Today’s Spring Budget was unveiled by The Chancellor of the Exchequer, Rt. Hon. Jeremy Hunt MP. Carers UK is disappointed that unpaid carers have yet again been omitted from receiving targeted financial support.
Helen Walker, Chief Executive of Carers UK said:
“Today’s Spring Budget simply does not recognise or support the essential care that unpaid carers provide on a daily basis. They have yet again been overlooked for targeted support, despite the savings they provide to the NHS, the economy and our society.
On the cost of living and energy
“Nearly two-thirds (63%) of carers told us they were extremely worried about managing their monthly costs. While we welcome the Government’s announcement to extend energy support until the end of June and the fuel duty freeze for a further 12 months, this does not go far enough to support hard-pressed carers during the cost-of-living crisis. With the additional costs that come with caring for a loved one, we believe they should receive targeted financial support.
On work and finances
“In a Budget focused on supporting the economically inactive return to work, we are surprised that there was no targeted support for the 1.1 million carers who are currently economically inactive. The ‘Returnerships’ programme focused on delivering apprenticeships for the over 50s could be useful to carers looking to return to work.
“We had also called for a dedicated Work Allowance for unpaid carers and are concerned that this has not been included. Giving unpaid carers a dedicated Work Allowance where they are receiving support from Universal Credit would have been a big step to helping many over 50s remain and return to paid work whilst providing essential care for others. We know that three-quarters (75%) of carers worry about continuing to juggle work and care. While we welcome the Government’s support for the Carer’s Leave Bill, these measures alone will not keep carers in work.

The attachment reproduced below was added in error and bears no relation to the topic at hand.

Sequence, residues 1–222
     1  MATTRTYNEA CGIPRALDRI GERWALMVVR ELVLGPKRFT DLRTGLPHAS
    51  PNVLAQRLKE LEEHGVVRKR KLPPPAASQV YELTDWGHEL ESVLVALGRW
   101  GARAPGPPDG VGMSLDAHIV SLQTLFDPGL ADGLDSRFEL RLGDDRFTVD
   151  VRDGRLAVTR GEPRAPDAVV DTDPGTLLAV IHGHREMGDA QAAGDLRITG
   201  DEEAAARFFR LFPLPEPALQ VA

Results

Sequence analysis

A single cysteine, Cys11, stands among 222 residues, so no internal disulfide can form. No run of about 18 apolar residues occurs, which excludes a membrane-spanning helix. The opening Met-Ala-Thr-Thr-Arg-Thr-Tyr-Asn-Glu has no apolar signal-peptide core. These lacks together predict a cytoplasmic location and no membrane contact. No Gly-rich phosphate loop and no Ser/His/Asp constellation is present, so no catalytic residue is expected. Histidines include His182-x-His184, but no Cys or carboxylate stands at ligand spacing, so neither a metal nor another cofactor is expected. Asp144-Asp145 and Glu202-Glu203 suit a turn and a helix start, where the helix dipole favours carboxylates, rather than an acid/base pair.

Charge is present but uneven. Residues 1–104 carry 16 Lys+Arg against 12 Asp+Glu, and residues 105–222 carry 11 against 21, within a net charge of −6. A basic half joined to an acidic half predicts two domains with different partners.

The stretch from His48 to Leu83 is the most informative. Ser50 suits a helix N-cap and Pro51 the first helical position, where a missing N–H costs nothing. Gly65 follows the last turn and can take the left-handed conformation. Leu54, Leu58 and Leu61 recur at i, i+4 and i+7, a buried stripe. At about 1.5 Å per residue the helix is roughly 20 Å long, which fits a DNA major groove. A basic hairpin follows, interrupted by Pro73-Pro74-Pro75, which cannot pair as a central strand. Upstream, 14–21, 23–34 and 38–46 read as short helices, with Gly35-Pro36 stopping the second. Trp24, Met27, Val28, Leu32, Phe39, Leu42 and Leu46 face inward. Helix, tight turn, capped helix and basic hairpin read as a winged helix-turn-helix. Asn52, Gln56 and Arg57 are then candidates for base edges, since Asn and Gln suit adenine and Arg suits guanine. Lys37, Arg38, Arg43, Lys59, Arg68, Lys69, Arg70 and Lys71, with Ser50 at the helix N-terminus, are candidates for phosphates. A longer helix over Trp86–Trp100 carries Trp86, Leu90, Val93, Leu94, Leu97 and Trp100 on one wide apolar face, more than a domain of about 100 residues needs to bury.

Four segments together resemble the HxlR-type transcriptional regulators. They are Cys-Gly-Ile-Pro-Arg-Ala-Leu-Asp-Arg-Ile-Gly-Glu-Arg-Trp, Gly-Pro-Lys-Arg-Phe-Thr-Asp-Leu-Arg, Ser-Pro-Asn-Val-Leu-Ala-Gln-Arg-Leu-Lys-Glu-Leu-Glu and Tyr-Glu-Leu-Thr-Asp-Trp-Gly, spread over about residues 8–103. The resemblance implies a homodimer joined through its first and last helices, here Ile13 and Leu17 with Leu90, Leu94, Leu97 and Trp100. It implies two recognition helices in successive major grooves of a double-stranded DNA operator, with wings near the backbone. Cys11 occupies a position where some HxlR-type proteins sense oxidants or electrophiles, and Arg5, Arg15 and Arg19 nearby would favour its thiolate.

“Whilst there are welcome boosts to childcare in the Budget which will benefit many families, it’s very disappointing to see that there were no additional investments made to social care when this is essential for many families to be able to juggle work and care. The economic value of social care supporting working families has been ignored.”
On social care
“We are deeply disappointed that there was no mention of any funding for social care which is so desperately needed. There are 165,000 vacant posts in adult social care - the highest rate on record – and the Governments’ failure to set out a workforce plan for social care during this Budget is a massive missed opportunity. The system urgently requires reform and is at the risk of collapse if the Government does not tackle this issue head-on.”